PERIPHERAL NERVE INJURY
Nerve injury is a complication of being hospital-ized, with or without surgery, regional, or general anesthesia. Peripheral nerve injury is a frequent and vexing problem. In most cases, these injuries resolve within 6–12 weeks, but some are permanent. Because peripheral neuropathies are commonly associated (often incorrectly!) with failures of patient positioning, a review of mechanisms and prevention is necessary.
The most commonly injured peripheral nerve is the ulnar nerve ( Figure 54–6). In a retrospective study of over 1 million patients, ulnar neuropathy (persisting for more than 3 months) occurred in approximately 1 in 2700 patients. Of interest, ini-tial symptoms were most frequently noted more than 24 hr after a surgical procedure. Risk factors included male gender, hospital stay greater than 14 days, and very thin or obese body habitus. More than 50% of these patients regained full sensory and motor function within 1 yr. Anesthetic technique was not implicated as a risk factor; 25% of patients with ulnar neuropathy underwent monitored care or lower extremity regional technique. The ASA Closed Claims Project findings support most of these results, including the delayed onset of symp-toms and the lack of relationship between anesthe-sia technique and injury. This study also noted that many neuropathies occurred despite notation of extra padding over the elbow area, further negat-ing compression as a possible mechanism of injury. Finally, the ASA Closed Claims Project investigators found no deviation from the standard of care in the majority of patients who manifested nerve damage perioperatively.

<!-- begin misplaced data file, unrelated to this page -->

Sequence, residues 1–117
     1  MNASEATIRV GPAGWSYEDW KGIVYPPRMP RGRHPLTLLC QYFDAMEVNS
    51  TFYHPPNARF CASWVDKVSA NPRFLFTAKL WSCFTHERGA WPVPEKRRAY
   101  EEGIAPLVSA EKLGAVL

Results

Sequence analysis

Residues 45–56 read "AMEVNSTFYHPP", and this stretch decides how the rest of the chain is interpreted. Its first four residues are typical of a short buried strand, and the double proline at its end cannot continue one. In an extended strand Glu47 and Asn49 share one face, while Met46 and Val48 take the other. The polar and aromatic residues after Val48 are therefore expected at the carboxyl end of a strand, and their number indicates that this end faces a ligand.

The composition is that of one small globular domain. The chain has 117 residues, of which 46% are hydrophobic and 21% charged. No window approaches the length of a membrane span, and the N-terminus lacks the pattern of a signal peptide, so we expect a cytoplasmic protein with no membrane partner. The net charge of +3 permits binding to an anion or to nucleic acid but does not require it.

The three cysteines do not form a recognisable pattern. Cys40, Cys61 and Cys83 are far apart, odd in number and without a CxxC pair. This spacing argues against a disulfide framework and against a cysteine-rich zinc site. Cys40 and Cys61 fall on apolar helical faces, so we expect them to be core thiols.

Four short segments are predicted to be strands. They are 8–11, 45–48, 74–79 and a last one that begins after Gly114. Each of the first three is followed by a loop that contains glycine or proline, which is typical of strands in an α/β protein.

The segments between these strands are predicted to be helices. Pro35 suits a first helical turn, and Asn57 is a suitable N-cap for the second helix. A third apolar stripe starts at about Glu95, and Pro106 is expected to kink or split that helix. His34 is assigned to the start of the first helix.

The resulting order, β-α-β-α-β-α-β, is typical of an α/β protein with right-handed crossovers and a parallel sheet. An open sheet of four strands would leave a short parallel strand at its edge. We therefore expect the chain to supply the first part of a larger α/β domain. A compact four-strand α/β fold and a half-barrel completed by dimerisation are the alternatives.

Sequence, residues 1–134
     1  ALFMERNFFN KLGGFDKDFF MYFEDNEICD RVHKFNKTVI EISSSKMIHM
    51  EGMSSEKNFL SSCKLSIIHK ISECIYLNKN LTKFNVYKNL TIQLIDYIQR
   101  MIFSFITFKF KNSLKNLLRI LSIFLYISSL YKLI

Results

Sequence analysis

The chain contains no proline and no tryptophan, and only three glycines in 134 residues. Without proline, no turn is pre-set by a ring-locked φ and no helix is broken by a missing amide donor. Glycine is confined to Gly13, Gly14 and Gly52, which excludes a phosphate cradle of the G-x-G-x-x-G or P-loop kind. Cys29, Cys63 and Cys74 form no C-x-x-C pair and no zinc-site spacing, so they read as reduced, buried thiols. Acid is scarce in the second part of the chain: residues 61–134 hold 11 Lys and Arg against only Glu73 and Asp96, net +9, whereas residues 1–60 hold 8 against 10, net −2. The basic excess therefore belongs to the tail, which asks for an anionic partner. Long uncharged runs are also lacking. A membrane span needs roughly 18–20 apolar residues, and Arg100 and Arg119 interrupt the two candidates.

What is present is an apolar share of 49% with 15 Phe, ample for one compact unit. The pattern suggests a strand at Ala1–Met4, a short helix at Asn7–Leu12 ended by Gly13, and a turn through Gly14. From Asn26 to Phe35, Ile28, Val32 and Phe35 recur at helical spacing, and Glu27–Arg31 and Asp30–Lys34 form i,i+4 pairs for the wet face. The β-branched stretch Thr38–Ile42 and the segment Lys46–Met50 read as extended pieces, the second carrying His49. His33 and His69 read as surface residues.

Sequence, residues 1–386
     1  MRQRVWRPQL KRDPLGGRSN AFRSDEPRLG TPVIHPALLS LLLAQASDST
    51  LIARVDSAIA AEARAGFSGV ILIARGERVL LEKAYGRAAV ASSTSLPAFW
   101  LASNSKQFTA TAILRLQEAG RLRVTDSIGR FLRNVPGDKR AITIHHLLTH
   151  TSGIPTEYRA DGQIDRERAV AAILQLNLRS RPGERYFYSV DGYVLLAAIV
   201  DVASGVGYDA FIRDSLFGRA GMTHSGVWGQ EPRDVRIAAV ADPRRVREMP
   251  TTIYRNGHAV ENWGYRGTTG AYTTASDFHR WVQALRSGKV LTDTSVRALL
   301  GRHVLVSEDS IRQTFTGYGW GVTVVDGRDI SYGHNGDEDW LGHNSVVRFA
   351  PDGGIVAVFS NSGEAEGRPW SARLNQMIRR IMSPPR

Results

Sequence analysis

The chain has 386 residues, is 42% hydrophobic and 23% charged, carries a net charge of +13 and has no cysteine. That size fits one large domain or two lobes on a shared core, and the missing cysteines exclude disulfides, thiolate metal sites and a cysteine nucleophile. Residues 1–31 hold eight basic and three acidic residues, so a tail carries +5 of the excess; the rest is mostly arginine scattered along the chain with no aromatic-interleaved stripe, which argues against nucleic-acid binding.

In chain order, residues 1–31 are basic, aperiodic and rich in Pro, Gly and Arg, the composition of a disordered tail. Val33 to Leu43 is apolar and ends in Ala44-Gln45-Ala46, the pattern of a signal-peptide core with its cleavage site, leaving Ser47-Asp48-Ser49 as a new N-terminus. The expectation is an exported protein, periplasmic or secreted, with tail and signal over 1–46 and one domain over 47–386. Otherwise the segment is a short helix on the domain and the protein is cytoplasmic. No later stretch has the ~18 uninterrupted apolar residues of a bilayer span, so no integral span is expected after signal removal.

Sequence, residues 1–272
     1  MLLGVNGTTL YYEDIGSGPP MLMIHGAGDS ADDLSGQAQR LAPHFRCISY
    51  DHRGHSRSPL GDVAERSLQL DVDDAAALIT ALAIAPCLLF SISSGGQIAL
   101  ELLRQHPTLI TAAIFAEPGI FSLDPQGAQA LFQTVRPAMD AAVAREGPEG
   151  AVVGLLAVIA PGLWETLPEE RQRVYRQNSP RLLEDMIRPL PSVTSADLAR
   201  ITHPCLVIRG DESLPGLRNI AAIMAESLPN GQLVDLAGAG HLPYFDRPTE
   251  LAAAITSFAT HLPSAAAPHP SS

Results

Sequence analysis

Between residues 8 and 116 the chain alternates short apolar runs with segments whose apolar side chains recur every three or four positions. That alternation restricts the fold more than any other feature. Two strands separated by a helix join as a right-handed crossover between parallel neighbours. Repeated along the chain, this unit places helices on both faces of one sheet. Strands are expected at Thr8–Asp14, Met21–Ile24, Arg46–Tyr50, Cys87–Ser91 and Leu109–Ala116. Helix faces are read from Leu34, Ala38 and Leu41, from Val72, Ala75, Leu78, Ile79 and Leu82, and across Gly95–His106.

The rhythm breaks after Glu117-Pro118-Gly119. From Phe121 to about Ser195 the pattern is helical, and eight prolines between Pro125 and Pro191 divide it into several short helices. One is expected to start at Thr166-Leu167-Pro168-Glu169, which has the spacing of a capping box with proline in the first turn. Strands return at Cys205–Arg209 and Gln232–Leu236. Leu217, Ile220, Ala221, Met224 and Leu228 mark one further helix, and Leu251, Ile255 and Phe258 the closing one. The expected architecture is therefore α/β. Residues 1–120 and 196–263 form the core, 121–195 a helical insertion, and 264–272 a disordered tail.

The Role of Positioning
Other peripheral nerve injuries seem to be more closely related to positioning or surgical procedure. They may involve the peroneal nerve, the brachial plexus, or the femoral and sciatic nerves. External pressure on a nerve could compromise its perfusion, disrupt its cellular integrity, and eventually result in edema, ischemia, and necrosis. Pressure injuries are particularly likely when nerves pass through closed compartments or take a superficial course (eg, the peroneal nerve around the fibula). Lower extremity neuropathies, particularly those involving the pero-neal nerve, have been associated with such factors as extreme degrees (high) and prolonged (greater than 2 h) durations of the lithotomy position. But, these nerve injuries also sometimes occur when such con-ditions are not present. Other risk factors for lower extremity neuropathy include hypotension, thin body habitus, older age, vascular disease, diabetes, and cigarette smoking. An axillary (chest) “roll” is commonly used to reduce pressure on the inferior shoulder of patients in the lateral decubitus position. This roll should be located caudad to the axilla to prevent direct pressure on the brachial plexus and large enough to relieve any pressure from the mat-tress on the lower shoulder.